But the need for identity in youth is not met by these. This emerging sense of self will be established by 'forging' past experiences with anticipations of the future. In relation to the eight life stages as a whole, the fifth stage corresponds to the crossroads: What is unique about the stage of Identity is that it is a special sort of synthesis of earlier stages and a special sort of anticipation of later ones.
Youth has a certain unique quality in a person's life; it is a bridge between childhood and adulthood. Youth is a time of radical change—the great body changes accompanying puberty, the ability of the mind to search one's own intentions and the intentions of others, the suddenly sharpened awareness of the roles society has offered for later life.
At this point, one is in a state of 'identity confusion', but society normally makes allowances for youth to "find themselves", and this state is called 'the moratorium': The problem of adolescence is one of role confusion—a reluctance to commit which may haunt a person into his mature years. Given the right conditions—and Erikson believes these are essentially having enough space and time, a psychosocial moratorium, when a person can freely experiment and explore—what may emerge is a firm sense of identity, an emotional and deep awareness of who he or she is.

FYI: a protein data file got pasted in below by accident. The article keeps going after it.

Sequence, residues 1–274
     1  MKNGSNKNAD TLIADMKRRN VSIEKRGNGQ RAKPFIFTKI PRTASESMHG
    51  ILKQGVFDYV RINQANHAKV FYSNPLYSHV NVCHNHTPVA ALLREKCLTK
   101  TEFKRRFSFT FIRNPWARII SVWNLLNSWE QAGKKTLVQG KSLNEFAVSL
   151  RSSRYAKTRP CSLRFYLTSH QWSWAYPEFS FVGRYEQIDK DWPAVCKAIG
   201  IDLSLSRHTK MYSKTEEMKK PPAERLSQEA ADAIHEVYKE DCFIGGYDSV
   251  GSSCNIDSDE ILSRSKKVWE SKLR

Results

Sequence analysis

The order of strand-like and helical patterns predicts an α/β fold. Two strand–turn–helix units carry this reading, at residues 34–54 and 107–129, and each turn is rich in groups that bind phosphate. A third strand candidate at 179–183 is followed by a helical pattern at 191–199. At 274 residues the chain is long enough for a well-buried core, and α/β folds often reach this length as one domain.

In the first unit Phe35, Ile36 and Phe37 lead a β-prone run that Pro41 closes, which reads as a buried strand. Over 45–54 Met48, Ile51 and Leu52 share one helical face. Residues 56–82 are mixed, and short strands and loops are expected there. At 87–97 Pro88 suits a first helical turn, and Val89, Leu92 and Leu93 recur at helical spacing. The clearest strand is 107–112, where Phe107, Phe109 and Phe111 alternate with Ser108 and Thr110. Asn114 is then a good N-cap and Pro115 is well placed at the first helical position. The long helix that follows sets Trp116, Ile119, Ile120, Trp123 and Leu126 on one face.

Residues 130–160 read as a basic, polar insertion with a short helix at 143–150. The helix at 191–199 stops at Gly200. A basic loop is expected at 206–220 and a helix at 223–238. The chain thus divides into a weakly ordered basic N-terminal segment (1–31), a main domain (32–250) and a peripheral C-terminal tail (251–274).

No matter how one has been raised, one's personal ideologies are now chosen for oneself.
- Erikson's stages of psychosocial development
- Erik Erickson’s 8 Stages of Development
Often, this leads to conflict with adults over religious and political orientations. Another area where teenagers are deciding for themselves is their career choice, and often parents want to have a decisive say in that role. Once someone settles on a worldview and vocation, will he or she be able to integrate this aspect of self-definition into a diverse society?
According to Erikson, when an adolescent has balanced both perspectives of "What have I got? Italics in original  Given that the next stage Intimacy is often characterized by marriage, many are tempted to cap off the fifth stage at 20 years of age. However, these age ranges are actually quite fluid, especially for the achievement of identity, since it may take many years to become grounded, to identify the object of one's fidelity, to feel that one has "come of age".
In the biographies Young Man Luther and Gandhi's TruthErikson determined that their crises ended at ages 25 and 30, respectively: Erikson does note that the time of Identity crisis for persons of genius is frequently prolonged.
He further notes that in our industrial society, identity formation tends to be long, because it takes us so long to gain the skills needed for adulthood's tasks in our technological world.